News outlets continue to report findings by Russian doctors regarding the long-term impact of COVID-19 on patients, as well as previously unknown effects of the illness on the body. Dermatologists are seeing instances of rashes, a condition similar to frostbite in patients’ hands and feet, and severe cracking on the lips and around the mouth region, which creates a pathway for other infections to enter the body. Others are witnessing ongoing gastrointestinal problems among coronavirus sufferers. One media report described the lengths that doctors have been going to in order to save the lives of patients with 100 percent lung damage, including pregnant women.

As it has been everywhere, the vaccine rollout in Russia is a debacle. By the end of January, the government expects that just 2.1 million doses of either Sputnik V or EpiVacCorona will have been injected into people’s arms. With more than 144 million people living in Russia, this amounts to a tiny fraction of the population, particularly as both vaccines require a two-dose regimen. It is nowhere near the 75 percent of the population that government officials estimate is required to secure more general immunity. And at this rate, it will be impossible to achieve this metric by November 2021, as previously promised by government officials.

According to an investigation conducted by the Saint Petersburg think tank Peterburgskaya Politika, vaccines are only widely available in Moscow and a few areas in the Far East. Forty-two regions have either no or very little supply. Production and distribution problems have been cited as the main cause. Nonetheless, President Vladimir Putin announced last week that a mass vaccination campaign would begin on January 18.

Reports also persist of reluctance within the population to get either Sputnik V or EpiVacCorona, as neither has gone through the final stage of safety trials normally required before approval. In December, the head of the union Uchitel (Teacher), which represents educators across several regions, stated that many school employees are afraid to get the vaccine. An opinion survey conducted late last year by the Levada Center found that 58 percent of the population was not willing to be inoculated, with most wanting to see further evidence of the vaccines’ safety.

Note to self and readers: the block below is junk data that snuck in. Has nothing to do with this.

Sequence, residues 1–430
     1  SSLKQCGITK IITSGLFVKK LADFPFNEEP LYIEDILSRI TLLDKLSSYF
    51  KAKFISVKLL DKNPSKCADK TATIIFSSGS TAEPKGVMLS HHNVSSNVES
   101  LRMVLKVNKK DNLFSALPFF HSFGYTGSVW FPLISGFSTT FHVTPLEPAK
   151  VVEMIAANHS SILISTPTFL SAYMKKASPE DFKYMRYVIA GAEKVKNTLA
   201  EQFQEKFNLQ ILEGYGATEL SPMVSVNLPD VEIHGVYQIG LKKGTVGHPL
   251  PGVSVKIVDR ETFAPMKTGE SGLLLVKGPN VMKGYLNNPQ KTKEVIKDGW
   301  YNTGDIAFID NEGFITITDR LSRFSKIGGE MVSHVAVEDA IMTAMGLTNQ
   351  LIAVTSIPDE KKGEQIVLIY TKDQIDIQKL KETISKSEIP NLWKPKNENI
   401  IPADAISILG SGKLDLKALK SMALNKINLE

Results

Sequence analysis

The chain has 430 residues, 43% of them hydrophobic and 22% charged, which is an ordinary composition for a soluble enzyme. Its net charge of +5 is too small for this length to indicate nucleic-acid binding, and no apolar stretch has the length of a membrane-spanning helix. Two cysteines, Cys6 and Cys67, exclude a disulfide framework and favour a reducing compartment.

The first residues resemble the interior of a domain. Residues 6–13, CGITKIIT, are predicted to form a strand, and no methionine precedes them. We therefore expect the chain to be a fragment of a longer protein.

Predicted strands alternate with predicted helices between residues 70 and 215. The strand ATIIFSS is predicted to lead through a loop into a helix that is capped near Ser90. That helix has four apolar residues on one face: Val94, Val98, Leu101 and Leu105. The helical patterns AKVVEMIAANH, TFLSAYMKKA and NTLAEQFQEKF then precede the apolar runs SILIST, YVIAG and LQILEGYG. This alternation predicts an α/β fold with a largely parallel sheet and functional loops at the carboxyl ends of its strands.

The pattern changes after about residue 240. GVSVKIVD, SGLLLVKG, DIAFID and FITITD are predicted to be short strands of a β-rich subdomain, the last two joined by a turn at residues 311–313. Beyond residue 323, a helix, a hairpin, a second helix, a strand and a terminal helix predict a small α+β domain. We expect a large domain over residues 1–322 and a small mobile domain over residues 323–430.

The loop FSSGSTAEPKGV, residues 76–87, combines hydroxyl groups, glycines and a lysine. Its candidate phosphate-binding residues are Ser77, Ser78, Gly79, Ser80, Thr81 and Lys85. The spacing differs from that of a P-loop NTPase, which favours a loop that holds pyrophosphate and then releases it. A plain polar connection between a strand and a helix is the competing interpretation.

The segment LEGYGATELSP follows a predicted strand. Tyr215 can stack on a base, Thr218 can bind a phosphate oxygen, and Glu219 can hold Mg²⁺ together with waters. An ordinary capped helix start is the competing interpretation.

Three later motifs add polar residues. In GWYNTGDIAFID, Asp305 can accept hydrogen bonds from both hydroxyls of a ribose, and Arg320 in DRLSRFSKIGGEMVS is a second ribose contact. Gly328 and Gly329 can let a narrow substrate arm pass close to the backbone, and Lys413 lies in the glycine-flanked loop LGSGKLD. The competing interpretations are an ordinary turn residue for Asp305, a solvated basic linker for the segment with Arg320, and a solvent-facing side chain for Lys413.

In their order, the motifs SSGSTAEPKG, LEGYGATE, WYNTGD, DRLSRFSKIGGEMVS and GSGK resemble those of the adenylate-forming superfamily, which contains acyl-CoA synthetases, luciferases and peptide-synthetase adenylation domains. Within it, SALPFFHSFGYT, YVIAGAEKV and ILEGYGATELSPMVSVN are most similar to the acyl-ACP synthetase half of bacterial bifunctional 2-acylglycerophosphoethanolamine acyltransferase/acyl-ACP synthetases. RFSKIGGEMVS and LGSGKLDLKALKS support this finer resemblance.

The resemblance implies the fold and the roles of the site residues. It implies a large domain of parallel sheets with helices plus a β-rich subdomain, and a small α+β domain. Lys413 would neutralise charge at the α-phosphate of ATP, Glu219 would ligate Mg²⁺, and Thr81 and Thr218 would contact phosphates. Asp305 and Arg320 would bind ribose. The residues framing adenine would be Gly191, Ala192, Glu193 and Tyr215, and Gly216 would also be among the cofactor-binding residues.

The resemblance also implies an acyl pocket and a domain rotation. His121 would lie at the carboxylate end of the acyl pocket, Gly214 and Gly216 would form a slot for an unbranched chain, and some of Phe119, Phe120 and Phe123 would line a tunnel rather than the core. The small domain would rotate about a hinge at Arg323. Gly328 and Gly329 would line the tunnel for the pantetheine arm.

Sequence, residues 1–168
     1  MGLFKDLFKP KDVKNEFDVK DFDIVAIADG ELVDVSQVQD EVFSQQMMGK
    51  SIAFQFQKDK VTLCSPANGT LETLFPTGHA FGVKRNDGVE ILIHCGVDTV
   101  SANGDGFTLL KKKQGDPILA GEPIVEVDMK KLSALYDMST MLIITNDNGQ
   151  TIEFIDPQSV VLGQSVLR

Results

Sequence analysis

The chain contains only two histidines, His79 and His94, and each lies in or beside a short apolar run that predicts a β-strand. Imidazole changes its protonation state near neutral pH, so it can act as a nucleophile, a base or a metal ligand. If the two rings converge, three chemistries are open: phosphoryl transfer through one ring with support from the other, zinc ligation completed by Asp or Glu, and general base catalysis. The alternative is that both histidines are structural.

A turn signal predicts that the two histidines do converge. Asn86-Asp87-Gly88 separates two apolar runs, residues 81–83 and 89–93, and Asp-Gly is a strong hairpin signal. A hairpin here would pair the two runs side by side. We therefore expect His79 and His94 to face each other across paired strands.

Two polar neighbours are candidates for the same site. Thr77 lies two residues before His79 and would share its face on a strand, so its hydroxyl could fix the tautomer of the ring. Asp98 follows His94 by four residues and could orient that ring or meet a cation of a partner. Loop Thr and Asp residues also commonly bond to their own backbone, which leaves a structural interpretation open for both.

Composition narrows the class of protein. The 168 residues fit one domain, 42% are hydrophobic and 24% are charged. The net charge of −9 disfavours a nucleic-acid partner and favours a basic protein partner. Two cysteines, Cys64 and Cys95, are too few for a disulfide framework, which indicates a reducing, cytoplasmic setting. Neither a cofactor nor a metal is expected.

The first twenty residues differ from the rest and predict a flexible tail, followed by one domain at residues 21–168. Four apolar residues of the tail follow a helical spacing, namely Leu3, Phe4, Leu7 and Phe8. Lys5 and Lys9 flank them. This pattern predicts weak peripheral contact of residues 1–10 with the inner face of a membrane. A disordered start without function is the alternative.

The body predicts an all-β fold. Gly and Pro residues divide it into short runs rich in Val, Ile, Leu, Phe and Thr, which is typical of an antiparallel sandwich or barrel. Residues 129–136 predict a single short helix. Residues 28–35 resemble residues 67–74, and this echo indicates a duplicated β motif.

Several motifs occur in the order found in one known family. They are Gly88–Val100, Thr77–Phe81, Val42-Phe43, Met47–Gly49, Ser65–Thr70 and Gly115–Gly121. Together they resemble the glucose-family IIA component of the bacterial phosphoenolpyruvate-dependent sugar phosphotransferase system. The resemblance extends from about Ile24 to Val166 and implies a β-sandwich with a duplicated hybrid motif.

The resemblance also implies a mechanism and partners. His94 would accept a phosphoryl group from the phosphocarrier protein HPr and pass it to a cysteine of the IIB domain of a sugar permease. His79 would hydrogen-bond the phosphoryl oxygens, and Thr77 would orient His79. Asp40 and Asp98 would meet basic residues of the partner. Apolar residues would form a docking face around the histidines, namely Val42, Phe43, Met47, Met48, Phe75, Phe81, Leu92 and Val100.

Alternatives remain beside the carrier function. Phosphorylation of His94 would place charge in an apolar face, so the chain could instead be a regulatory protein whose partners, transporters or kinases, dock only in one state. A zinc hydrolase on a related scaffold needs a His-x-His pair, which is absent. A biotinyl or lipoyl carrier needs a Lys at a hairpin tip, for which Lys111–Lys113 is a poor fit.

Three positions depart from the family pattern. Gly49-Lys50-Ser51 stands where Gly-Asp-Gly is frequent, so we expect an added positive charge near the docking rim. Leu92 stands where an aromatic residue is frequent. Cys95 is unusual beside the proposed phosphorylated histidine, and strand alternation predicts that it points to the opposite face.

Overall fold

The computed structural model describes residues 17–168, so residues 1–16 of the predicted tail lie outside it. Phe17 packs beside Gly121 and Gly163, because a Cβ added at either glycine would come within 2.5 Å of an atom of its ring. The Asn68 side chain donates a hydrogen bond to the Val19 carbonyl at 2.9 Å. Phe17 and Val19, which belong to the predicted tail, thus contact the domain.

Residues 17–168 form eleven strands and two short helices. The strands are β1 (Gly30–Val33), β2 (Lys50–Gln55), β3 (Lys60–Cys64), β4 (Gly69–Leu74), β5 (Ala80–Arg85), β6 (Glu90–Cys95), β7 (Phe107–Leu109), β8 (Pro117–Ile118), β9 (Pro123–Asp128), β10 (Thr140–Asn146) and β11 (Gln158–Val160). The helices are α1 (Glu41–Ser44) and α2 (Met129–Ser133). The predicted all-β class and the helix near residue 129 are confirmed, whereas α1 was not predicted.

In Rostov-on-Don, a city of just over one million in southern Russia, doctors at one hospital staged a protest over being forced to receive the vaccine despite have being promised that they would be given a choice on the matter. They too cited safety concerns.

The economic impact of the pandemic for the year 2020 as a whole is just beginning to come into full focus. According to the latest news, Russia’s federal deficit grew by 4.1 trillion rubles last year ($54.45 billion), about 3.8 percent of gross domestic product.

In a particularly absurd moment that reveals the government’s combined ignorance and indifference toward frontline workers, a dispute has emerged between two federal agencies over whether data show that health care workers’ baseline wages rose or fell last year. The Ministry of Health insists they went up substantially across the board, whereas the Accounts Chamber reports that they went down by about 15 percent.